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Peter Navarro Plays A Doctor On TV: 'I'm A Social Scientist!'

The internal White House coronavirus task force battle over hydroxychloroquine, Donald Trump’s favorite unproven COVID-19 treatment. Peter Navarro says being a "social scientist" gives him qualifications on reading reports (and practicing medicine?).

The internal White House coronavirus task force battle over hydroxychloroquine, Donald Trump’s favorite unproven COVID-19 treatment, burst into the news over the weekend when Trump refused to let Anthony Fauci answer a question on the medical evidence for the treatment. That moment came out of a major blow-up between Fauci and economic adviser Peter Navarro in a Saturday meeting.

Fauci has repeatedly tried to tamp down expectations about hydroxychloroquine, pointing out that there are no good studies of the drug and that “There have been cases that show there may be an effect and there are others to show there’s no effect, so I think in terms of science, I don’t think we can definitely say it works.” But a source told Axios that, in Saturday’s meeting, “the first words out of [Navarro’s] mouth are that the studies that he's seen, I believe they're mostly overseas, show 'clear therapeutic efficacy.’” When Fauci pushed back, Navarro became confrontational, raising his voice and lying about Fauci’s past positions on administration actions around coronavirus.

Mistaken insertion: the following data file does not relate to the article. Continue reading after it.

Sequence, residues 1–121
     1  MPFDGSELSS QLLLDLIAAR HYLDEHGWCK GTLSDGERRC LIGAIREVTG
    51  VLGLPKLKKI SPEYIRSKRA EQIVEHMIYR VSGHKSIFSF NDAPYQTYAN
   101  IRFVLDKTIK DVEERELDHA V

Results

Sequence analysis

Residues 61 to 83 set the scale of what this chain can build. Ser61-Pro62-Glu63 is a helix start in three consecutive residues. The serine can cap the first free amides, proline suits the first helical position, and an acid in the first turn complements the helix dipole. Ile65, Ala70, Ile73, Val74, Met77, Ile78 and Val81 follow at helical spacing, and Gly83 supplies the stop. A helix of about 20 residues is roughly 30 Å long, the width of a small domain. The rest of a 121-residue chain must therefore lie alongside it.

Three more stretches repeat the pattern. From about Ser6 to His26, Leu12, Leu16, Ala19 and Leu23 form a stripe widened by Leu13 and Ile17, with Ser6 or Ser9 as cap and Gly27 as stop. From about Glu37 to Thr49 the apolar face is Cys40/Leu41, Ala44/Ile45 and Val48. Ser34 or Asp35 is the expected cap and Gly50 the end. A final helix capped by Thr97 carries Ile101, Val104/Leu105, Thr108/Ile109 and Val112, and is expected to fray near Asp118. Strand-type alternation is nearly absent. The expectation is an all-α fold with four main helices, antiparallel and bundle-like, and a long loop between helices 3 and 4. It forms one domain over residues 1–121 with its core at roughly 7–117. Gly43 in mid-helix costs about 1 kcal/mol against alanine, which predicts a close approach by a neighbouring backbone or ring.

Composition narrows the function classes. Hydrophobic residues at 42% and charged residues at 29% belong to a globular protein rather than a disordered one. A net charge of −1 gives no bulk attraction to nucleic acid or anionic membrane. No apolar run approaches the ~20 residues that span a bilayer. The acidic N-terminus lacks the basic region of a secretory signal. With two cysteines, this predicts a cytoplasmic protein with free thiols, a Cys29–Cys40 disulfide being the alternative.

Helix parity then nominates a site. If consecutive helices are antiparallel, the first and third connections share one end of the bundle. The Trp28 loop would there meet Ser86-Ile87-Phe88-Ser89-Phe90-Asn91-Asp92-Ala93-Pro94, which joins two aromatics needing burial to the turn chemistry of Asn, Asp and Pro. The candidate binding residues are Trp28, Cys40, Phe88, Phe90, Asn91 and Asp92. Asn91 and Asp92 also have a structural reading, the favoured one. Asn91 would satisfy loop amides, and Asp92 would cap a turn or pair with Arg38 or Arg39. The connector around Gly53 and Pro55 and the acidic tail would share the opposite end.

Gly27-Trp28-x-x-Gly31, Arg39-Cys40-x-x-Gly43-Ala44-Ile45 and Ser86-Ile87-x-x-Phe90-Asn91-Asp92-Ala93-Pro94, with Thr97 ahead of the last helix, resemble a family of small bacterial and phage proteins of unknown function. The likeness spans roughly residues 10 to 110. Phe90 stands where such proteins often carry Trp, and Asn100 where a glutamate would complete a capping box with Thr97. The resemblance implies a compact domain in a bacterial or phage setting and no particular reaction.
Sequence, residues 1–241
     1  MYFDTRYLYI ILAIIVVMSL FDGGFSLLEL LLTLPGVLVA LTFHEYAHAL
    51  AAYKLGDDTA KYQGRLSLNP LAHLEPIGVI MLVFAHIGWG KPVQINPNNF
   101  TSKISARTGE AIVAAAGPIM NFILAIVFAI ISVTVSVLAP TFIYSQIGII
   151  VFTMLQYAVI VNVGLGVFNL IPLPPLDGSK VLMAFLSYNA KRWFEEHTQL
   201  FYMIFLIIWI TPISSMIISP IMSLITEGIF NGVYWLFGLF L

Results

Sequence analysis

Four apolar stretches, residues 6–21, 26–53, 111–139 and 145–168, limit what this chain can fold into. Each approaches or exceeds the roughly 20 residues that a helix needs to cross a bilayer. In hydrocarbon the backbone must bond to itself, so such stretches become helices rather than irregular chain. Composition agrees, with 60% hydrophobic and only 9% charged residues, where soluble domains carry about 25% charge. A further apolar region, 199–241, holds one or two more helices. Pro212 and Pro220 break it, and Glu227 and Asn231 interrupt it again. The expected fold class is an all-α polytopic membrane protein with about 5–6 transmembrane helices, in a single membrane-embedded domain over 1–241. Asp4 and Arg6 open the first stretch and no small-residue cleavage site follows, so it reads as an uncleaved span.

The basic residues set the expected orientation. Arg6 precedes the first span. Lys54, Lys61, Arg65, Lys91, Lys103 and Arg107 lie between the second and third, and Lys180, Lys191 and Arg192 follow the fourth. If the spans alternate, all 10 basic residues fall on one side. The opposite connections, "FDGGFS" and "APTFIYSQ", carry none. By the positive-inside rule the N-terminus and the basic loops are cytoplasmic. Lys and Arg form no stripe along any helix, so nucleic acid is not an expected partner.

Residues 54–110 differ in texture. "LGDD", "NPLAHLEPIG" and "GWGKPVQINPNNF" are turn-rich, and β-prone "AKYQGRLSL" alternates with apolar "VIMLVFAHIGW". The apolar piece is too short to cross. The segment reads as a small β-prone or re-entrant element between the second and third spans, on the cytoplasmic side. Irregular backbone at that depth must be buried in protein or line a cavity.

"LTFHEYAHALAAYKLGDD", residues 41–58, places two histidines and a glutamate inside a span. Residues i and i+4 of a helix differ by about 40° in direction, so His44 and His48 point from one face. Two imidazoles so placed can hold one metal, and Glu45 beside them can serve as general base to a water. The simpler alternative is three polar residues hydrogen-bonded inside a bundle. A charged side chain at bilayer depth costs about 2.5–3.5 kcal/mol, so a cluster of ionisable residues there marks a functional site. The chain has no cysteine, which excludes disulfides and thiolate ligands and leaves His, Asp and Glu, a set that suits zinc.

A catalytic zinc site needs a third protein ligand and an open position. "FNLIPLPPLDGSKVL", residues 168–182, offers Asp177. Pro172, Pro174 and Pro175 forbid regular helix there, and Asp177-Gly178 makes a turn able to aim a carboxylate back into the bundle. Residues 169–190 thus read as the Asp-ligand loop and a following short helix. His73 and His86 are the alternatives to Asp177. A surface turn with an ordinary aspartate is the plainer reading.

Navarro was challenged on this in a Monday morning CNN interview. “What are your qualifications to weigh in on medicines more than Dr. Anthony Fauci?” anchor John Berman asked. “Why should we listen to you and not Dr. Fauci?”

Navarro first advocated that CNN talk to a specific doctor who would agree with him, but as for his own qualifications, “My qualifications in terms of looking at the science is that I'm a social scientist. I have a PhD, and I understand how to read statistical studies whether it’s in medicine, law, economics, or whatever.”

Um. Sounds like Harvard should be calling Navarro back for some remedial work on reading statistical studies and the general concept of not cherry-picking studies to find the ones you like the best. Because, dude, I too am a social scientist with a PhD and an understanding of how to read statistical studies and … as Fauci said on Sunday, “the data are really just at best suggestive,” with no large controlled studies and the existing small studies not in agreement on what, if any, effects hydroxychloroquine has on COVID-19. And if Navarro can’t see that, it’s because he’s either forgotten how to read a statistical study or because he’s too committed to sucking up to Trump to be able to read a set of them honestly on this subject. But it’s obvious that Trump has chosen his path—hoping for a magic cure to emerge, magically—and that Navarro has chosen the winning argument.

Posted with permission from Daily Kos.

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